Jesse’s dying.
The doctors are 96% sure of it. They even have a time-line.
Seven months. They give him seven months, tops.
I try to hold on to hope, but 4% is a weak reed to cling to while you’re thrashing to keep your head above water.
I caught Jesse crying one morning when he thought I was sleeping. Gwen, his mom, lets me stay over because he’s afraid to be alone. He doesn’t want to die alone.
I sleep in his old locker bed. It’s on a low to the ground iron frame with wheels. He sleeps in his new hospital bed. It’s high from the ground, with thick silver bars on the sides and fake wood paneling on the headboard. It’s ugly and depressing, but sometimes he’s in a lot of pain, and he can move his bed into different positions to get more comfortable.
That morning, I woke to the sound of his bed whirring. Then came the slight scrape on metal as he slid the plastic pot off the edge of his locker bedside table.
He heaved. He heaves a decent amount from all the chemo crap they put him through.
Then he gargled with the water Maria, the housekeeper, leaves next to the pot every night.
All of a sudden he made this kind of wounded noise and I thought he was gonna heave again, but he was sobbing.
You can’t blame him. One minute he was the star baseball player in high school, class president and the first junior to be editor of the school newspaper. All down the rows of slamming lockers at Midland Prep you could always hear the name Jesse Parker. Girls wanted to date him. Guys wanted to hang with him to get the excess girls.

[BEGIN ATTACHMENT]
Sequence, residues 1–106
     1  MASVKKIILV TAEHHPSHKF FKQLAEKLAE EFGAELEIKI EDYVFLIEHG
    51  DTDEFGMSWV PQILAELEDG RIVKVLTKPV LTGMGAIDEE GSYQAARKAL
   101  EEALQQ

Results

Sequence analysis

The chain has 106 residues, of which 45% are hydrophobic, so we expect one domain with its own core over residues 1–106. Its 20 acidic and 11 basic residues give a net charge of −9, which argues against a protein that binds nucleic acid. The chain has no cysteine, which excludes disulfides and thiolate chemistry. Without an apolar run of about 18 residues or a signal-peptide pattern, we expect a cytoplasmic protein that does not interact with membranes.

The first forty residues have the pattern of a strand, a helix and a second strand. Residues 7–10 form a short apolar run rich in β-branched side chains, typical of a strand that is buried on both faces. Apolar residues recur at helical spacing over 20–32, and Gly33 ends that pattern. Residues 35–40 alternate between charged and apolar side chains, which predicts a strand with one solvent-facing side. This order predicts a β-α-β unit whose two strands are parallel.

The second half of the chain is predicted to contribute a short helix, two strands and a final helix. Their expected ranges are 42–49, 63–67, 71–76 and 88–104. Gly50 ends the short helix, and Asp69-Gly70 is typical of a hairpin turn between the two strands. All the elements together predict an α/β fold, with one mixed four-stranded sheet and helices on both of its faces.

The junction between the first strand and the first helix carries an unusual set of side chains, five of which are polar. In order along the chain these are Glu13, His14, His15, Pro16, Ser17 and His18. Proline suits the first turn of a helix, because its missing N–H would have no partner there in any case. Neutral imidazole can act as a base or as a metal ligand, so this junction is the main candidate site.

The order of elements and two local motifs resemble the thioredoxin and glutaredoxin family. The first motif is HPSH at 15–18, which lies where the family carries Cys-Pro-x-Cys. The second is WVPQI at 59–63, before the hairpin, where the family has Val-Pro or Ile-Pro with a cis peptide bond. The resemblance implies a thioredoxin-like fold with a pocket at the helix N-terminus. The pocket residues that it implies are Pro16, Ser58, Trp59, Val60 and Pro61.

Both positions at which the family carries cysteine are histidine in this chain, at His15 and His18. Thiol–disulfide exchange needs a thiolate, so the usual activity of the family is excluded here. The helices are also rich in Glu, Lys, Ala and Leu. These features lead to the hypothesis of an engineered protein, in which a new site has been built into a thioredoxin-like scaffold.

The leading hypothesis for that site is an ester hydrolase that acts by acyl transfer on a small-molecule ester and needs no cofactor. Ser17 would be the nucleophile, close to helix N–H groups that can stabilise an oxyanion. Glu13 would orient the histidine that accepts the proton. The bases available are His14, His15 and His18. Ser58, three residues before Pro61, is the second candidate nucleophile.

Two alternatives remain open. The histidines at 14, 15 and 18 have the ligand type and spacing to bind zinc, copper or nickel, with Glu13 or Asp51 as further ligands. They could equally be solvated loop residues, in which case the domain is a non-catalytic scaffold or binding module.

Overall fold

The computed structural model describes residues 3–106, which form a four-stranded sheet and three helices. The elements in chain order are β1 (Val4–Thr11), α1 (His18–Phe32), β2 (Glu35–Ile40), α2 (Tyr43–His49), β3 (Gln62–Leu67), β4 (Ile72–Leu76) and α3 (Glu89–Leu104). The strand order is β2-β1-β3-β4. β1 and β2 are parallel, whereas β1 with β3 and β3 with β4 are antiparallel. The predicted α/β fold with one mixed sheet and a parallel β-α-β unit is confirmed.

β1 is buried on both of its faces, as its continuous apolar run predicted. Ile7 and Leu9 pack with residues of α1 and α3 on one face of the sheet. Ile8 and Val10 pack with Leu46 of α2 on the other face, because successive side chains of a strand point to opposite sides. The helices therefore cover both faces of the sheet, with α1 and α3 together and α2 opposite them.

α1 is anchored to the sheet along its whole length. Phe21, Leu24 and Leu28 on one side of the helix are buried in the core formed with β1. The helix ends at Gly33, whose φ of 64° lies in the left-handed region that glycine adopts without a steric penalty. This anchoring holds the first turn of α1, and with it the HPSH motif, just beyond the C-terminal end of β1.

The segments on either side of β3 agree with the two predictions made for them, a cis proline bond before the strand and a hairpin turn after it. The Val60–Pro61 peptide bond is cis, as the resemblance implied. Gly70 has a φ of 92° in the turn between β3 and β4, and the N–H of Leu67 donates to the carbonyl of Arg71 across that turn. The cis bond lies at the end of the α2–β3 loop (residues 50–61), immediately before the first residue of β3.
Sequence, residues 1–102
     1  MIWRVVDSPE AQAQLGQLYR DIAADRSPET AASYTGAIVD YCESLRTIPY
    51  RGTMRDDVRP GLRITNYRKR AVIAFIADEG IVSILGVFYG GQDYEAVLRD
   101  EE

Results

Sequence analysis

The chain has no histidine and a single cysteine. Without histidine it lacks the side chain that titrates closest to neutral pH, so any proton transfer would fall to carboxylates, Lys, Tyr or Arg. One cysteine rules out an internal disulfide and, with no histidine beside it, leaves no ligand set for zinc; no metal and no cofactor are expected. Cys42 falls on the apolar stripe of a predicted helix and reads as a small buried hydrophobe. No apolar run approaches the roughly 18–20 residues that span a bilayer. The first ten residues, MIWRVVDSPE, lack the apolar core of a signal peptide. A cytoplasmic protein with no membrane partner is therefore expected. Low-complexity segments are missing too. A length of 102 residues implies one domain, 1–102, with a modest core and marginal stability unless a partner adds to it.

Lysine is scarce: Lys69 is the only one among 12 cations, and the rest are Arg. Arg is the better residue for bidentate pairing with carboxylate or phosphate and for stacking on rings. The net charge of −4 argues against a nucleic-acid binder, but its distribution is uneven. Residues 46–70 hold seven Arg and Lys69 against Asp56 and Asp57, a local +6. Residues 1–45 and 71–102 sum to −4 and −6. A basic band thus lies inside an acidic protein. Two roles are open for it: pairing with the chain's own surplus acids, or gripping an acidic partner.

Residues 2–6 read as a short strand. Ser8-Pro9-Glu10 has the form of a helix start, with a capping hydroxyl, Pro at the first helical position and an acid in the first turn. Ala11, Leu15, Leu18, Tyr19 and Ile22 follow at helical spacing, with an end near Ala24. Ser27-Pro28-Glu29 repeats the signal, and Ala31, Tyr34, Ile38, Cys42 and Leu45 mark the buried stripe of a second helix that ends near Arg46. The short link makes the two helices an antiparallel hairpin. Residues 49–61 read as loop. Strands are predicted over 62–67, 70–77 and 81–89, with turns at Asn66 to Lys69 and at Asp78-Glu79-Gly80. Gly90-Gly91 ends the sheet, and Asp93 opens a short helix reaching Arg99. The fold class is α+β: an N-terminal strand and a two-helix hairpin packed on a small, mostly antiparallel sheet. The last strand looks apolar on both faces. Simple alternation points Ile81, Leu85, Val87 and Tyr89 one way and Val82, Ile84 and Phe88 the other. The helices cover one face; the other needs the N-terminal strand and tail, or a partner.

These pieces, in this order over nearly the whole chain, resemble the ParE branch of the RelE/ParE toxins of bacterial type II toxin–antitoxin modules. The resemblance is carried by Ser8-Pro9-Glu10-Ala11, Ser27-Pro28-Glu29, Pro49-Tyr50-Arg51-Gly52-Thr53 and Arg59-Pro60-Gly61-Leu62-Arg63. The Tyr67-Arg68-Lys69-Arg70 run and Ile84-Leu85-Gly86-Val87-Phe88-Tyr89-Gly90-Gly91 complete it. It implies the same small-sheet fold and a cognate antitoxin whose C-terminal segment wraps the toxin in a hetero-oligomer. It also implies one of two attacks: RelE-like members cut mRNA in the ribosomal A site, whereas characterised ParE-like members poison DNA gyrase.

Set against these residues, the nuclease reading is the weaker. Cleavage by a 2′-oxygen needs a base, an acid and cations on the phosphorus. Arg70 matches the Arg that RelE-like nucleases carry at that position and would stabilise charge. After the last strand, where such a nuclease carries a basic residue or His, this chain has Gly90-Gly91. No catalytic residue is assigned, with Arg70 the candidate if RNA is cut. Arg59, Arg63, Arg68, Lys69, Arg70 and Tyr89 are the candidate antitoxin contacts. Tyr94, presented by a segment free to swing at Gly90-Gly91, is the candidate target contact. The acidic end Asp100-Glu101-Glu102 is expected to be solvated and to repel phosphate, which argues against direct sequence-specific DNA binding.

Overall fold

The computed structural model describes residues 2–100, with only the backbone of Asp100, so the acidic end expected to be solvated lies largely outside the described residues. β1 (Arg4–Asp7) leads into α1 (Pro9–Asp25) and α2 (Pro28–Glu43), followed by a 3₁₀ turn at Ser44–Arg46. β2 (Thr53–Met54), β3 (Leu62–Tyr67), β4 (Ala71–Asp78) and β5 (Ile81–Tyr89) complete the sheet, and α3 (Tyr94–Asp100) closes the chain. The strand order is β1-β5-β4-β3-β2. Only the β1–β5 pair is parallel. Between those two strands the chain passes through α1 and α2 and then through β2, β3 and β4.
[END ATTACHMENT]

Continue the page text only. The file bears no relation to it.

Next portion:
The next minute, he was being radiated like Hiroshima, even though the doctors said he was probably gonna die anyway.
They’re torturing my best friend.
I cracked my eyes open. The sun shined in through his window, right on his shelves of trophies and awards on the wall facing us. A beautiful Saturday morning. Jesse should have been buttoning his blue and yellow pinstriped uniform, pushing his cap with the navy “M” on it over his curly black hair, lacing his cleats, grabbing his bat and heading into the park. Instead, the uniform and cap hung at the back of his closet, the cleats were tossed who knew where, the bat leaned in the far corner, and Jess lay in bed, some days barely able to walk.
He probably won’t make it to eighteen. He’ll never even get to vote.
I didn’t know whether I should open my eyes fully or not. He might get embarrassed. Or maybe he wanted me to wake up.
I decided to do it.